Ireland-US Relationship Needs To Alter From Supplicant To Peer
March 16, 2005
By Trina Vargo
Ireland can have a continuing, influential role in the US by doing a better job of both selling itself in America and understanding America. This can be assisted by the politicians, businesses with an interest in the US and, perhaps most significantly, by Ireland's wealthiest citizens.
When I served as foreign policy adviser to Senator Ted Kennedy, I saw how he and a handful of his colleagues were routinely relied on to sort problems that arise in the relationship - from immigration matters to business taxation issues or the Northern Ireland peace process.
But US demographics are changing, and Irish Americans no longer have a lock on American politics. And Ireland and Irish America have never come together in a co-ordinated way that will have long-term influence on policymakers and the broader relationship. I founded the US-Ireland Alliance in 1998 to address this deficiency.
The relationship with the US is the most important one Ireland has. The more than 500 American corporations in Ireland and wise Irish government policies contributed greatly to the Celtic Tiger. If even a handful of large US multinationals left Ireland, the economic consequences would be severe.
And America is also an important market for Irish goods and services. The US presence has also cultivated an entrepreneurial culture that has resulted in indigenous Irish companies that are doing well in the US. And there are the historic, familial and cultural ties that assure us that what we have in common is far greater than our differences.
Don't stop visiting. America is a different place since September 11th, and there is concern that visa requirements have made it more difficult to enter the US. Efforts are under way to address this. It's unfortunate that many young Irish are not coming to the US on a J-1 visa. That experience is equally important to both our countries.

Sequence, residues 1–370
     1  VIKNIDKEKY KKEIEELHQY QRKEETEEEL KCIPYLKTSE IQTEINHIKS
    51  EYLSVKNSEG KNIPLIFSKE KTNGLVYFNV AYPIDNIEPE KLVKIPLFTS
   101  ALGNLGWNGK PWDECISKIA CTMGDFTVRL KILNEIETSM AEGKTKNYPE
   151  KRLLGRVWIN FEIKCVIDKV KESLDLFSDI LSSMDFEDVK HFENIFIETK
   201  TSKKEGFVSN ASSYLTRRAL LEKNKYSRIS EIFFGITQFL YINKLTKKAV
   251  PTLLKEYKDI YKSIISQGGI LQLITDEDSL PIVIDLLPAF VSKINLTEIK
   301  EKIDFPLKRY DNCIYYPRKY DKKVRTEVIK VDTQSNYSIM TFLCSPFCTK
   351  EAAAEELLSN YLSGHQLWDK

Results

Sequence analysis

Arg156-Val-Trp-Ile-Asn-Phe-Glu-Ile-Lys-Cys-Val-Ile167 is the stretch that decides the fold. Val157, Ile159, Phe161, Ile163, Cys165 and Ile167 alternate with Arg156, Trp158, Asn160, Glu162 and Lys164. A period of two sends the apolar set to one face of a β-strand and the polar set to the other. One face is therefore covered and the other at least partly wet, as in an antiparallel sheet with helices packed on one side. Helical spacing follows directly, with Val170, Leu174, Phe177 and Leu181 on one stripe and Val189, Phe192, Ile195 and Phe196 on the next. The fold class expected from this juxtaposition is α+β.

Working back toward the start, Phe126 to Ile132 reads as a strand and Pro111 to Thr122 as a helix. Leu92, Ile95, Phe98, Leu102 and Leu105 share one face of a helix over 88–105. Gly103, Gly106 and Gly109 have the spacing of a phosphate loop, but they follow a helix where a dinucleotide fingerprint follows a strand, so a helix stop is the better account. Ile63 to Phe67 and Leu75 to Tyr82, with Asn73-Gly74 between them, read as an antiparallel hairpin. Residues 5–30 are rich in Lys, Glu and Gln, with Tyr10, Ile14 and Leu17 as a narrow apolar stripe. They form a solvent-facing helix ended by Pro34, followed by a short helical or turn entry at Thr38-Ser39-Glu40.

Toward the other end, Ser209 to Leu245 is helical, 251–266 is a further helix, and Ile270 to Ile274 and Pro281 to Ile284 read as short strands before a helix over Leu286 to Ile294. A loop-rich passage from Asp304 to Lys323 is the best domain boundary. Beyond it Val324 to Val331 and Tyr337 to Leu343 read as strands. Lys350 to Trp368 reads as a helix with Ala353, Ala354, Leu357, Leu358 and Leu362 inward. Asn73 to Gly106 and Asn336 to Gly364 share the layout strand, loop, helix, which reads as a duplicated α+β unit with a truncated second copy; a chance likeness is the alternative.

While some of this decline may be attributable to perceived and real restrictions, and the value of the dollar versus the euro, I hope young Irish people will return for the reason many have before - the experience, the craic, summer jobs at the beach and a warm reception from Americans.
It would also be to Ireland's advantage to engage with "red" America (people in those states, between the two coasts, who mainly voted for President Bush). Ireland does not have a single consulate in a red state. That's historically understandable as consulates were established where the Irish were. But it's time to add a consulate in a red state.
Ireland should be more confident in its approach to the United States. While US corporations have created nearly 100,000 jobs in Ireland, Ireland is responsible for nearly as many jobs in the US.
Ireland is also one of the top 10 foreign investors in the US, but there wouldn't be a handful of people in the US who know these facts.
Ireland is now one of the world's wealthiest countries. For nearly 20 years, roughly $20 million of US taxpayer's money has gone annually to the International Fund for Ireland.
That should end. Ireland no longer needs US foreign aid, and politicians from North and South should tell that to members of the US Congress in order to end the contribution on a positive note - as Ireland's initiative. Most importantly, it would psychologically alter the relationship.
There is more to the US-Ireland relationship than the Northern Ireland issue and the Irish Government and all Irish who interact with Americans should also highlight mutually beneficial and successful business, cultural and educational relations.